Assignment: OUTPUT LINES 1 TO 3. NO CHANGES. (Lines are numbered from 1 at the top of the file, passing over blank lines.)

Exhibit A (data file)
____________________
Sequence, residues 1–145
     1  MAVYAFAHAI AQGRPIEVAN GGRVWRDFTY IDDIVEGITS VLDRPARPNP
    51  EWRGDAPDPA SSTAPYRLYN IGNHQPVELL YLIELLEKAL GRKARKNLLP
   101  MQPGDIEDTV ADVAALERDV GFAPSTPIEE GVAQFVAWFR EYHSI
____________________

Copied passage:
Sequence, residues 1–145
     1  MAVYAFAHAI AQGRPIEVAN GGRVWRDFTY IDDIVEGITS VLDRPARPNP
    51  EWRGDAPDPA SSTAPYRLYN IGNHQPVELL YLIELLEKAL GRKARKNLLP